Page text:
|In people with PD, as many as|
75% will develop PDD
sometime in the course of their
|Diagnosis of PDD may be|
difficult as there is often overlap
with AD, VD, and DLB. In PDD,
parkinsonism is usually
diagnosed years before
|Older age and the severity of
parkinsonism are risk factors
for the development of PDD.
|Frontotemporal dementia (FTD)||2-10 cases per 100,000 in general population||Personality changes, mood|
fluctuation, and alterations in
behavior (such as disinhibition
and lack of insight – socially
inappropriate behavior). May
be difficult to differentiate from
|Anger, apathy and social
withdrawal may make it difficult
to differentiate from depression.
|Traumatic Brain Injury (TBI)||1.7 million instances of TBI|
annually. ~2% of US population
lives with TBI-associated
|Course of recovery from TBI is|
variable depending on specifics
of injury and other factors such
as age, previous injury, and
|Severity of the TBI itself may
not correspond to severity of
the resulting neurocognitive
disability (severity of the brain
injury does not equal the level
of mental disability).
Credit: Management of the behavioral and psychological symptoms of dementia, National Resource Center for Academic Detailing, 2013. Data sourced from DSM-5,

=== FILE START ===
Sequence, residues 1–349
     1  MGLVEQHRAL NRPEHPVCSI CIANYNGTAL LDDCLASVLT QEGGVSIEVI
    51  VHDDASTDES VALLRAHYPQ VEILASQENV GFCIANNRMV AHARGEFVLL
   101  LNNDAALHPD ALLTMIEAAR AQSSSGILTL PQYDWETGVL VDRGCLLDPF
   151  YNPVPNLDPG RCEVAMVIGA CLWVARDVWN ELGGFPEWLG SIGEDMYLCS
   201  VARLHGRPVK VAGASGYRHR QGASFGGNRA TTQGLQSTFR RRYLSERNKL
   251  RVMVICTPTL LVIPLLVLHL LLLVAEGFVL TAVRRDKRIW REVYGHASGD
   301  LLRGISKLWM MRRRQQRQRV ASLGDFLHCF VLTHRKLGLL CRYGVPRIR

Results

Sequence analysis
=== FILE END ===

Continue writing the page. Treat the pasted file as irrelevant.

Diagnostic and Statistical Manual of Mental Disorders: Fifth ed. Washington DC: American Psychiatric Association; 2013.
What are the Signs and Symptoms of Dementia?
The Alzheimer’s Association states that the following are the ten most common warning signs and symptoms of dementia:
- Sign 1: Memory loss affecting one’s ability to conduct daily activities, such as constantly repeating the same questions over and over
- Sign 2: Experiencing difficulty with IADLs (missing monthly bills, etc.)
- Sign 3: Difficulty with completing familiar tasks, such as forgetting a driving route that one has driven for years
- Sign 4: Confusion with location or time, such as forgetting the year or month or confusing the seasons
- Sign 5: Trouble understanding visual-spatial relationships, such as not comprehending that an oncoming car is too close and driving out onto its path, causing the other driver to slam on their brakes or veer dangerously to oncoming traffic or a ditch to avoid colliding with the cognitively impaired person.
- Sign 6: Difficulty with the written or spoken word. Impaired individuals will struggle with word-finding or stopping mid-sentence, not knowing how to proceed.
- Sign 7: Constantly losing things because they have forgotten where they had placed the items.